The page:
New Delhi: The railway budget 2002-03 made an unperturbed journey when Railway Minister Nitish Kumar presented it in the Indian Parliament on 26 February. There were, however, interruptions before Kumars presentation was made, but once the one-hour-long speech in Hindi started, everyone, including National Democratic Front and Opposition members, sat in rapt attention.
Many Congress members were even seen congratulating Kumar, as the budget seems to have impressed them. The reason: a moderate hike in passenger fares, notwithstanding the severe resource crunch faced by the Indian railways.
Kumars announcement of a series of new projects, introduction of trains and modernisation programmes and measures for rail safety and passenger amenities was received with much aplomb. But once the initial unanimous acceptance of the budget was over, Opposition members were back to the same trick. They said the budget is illusionary and insipid, and prophesised that it will hit the common man, especially farmers.
Sample some reactions:
Congress MP Renuka Chaudhury: It is an illusion. It has to be seen if the rationalisation of freight will help farmers reach their produce to consumers.
Congress deputy leader in the Lok Sabha Shivraj Patil: It is a beaten-track budget, lacking vision, and will not help in expanding the railways.
CPI (M) MP Nilotpal Basu: Its the same hackneyed story. The increase in tariff will have an impact on the price of essential commodities.
CPI (M) leader Rupchand Pal: Though rail safety is a major concern, imposing surcharge on this will have a serious impact on the common man.
Congress leader Girija Vyas: The budget was disappointing because it will hike the indirect taxes even further. The monthly season ticket for 10-15 kms and even dals and salt have not been spared. The poor will have to bear the brunt of this.
Telugu Desam leader Yerran Naidu: The railway minister has made a good exercise in balancing resources. The marginal increase in passenger fares will not exert much burden on common travellers. The way the minister has composed the budget, the railways can complete the last-mile projects. This will help the consumer.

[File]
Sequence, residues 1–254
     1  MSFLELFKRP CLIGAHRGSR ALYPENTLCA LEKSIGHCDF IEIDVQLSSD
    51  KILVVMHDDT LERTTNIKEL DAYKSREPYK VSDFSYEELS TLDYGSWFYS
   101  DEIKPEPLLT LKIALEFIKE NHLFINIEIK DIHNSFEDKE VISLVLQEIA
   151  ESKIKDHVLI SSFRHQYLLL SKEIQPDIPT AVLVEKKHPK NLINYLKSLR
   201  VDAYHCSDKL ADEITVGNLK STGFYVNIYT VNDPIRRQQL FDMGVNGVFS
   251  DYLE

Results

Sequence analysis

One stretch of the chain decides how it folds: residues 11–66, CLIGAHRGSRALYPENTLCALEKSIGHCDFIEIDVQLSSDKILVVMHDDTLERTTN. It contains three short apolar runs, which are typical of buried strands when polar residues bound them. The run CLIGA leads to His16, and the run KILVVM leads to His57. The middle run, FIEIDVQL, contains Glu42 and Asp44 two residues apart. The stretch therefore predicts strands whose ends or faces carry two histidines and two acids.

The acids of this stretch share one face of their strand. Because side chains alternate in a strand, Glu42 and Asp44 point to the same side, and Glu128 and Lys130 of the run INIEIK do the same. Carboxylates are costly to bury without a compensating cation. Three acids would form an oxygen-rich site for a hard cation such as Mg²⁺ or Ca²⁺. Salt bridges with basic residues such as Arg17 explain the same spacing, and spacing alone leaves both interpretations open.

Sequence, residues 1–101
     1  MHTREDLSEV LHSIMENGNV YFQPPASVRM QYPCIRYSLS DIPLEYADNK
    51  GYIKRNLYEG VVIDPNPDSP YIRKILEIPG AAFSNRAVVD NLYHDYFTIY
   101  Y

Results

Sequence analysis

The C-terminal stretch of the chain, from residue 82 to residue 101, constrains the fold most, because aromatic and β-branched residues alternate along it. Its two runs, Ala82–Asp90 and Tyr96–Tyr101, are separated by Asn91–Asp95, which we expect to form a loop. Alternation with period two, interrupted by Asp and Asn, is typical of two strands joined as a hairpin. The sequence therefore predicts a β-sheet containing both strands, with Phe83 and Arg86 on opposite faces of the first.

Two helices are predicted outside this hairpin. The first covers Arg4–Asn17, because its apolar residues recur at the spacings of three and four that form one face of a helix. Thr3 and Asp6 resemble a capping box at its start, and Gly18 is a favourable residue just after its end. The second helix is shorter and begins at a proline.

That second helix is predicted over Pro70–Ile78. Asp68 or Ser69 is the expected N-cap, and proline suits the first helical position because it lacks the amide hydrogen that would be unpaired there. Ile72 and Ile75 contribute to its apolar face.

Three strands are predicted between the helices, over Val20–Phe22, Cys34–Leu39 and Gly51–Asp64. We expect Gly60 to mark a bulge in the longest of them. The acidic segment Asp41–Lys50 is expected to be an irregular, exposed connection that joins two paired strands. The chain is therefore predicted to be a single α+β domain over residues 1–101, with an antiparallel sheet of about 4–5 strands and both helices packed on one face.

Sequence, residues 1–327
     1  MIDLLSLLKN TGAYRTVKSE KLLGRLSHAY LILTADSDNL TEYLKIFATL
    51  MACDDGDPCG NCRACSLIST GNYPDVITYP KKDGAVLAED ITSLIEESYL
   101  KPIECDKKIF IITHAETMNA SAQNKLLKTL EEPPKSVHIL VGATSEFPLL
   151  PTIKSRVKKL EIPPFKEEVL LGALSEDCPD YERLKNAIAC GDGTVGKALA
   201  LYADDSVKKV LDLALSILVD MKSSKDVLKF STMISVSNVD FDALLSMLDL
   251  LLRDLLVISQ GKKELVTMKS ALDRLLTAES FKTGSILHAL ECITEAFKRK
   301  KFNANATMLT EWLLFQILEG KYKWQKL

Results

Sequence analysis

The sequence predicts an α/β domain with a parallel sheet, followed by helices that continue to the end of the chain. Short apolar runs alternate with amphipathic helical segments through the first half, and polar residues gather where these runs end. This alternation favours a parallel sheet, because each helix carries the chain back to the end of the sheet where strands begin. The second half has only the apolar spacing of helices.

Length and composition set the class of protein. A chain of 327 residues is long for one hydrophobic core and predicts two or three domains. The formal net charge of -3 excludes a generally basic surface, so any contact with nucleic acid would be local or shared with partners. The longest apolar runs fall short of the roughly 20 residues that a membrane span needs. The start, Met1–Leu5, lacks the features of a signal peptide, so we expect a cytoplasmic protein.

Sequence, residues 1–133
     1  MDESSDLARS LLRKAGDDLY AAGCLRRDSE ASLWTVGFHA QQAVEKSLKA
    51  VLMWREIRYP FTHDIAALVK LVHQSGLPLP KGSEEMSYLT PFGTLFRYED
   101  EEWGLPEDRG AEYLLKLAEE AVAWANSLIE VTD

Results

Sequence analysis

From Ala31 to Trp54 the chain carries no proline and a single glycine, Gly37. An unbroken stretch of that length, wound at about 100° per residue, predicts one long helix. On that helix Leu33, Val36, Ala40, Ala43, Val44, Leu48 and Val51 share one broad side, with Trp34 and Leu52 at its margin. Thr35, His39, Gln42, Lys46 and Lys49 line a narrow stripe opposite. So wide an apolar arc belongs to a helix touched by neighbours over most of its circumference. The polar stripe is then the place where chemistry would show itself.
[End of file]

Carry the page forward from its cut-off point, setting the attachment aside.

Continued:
Lets look at the highlights of the budget:
A modest jump: A modest hike in passenger fares and freight tariffs has been proposed in the budget. The entire exercise will fetch a Rs 1,360 crore additional revenue to the railways. Of this, the passenger fare hike will net Rs 910 crore and the freight hike another Rs 450 crore.
Passenger fares: The hike in passenger fares will net Rs 910 crore a year. The minimum fare for second-class rail and express trains is proposed to be increased from Rs 15 to Rs 16. The hike ranges from Re 1 to Rs 6 at distances up to 341 km. The minimum fare for ordinary second class will increase around Rs 3-4 with the maximum increase for any distance up to 100 km pegged at only Rs 3. At certain distances, fares will be lower by Re 1 to Rs 2 owing to rationalisation. There will, however, be no changes in the system of charging for quarterly season tickets, existing fare structure of Rajdhani and Shatabdi and parcel and luggage rates, including newspapers and magazines.
Freight rates: While freight rates for coal, raw materials used in steel-making and iron ore have been hiked marginally, that for finished steel, pig iron, cement and most petroleum products have been reduced. The government has also proposed to hike the freight rates on edible oils, foodgrain and pulses, which could result in an increase in the retail prices of these items. Freight structure for base class have been rationalised to remove anomalies, resulting in marginal decrease at certain distances and minimal increase in certain others. The number of classes for different commodities has been reduced from 59 to 32. The ratio of freight in highest class to lowest drops from 8 to 3.3.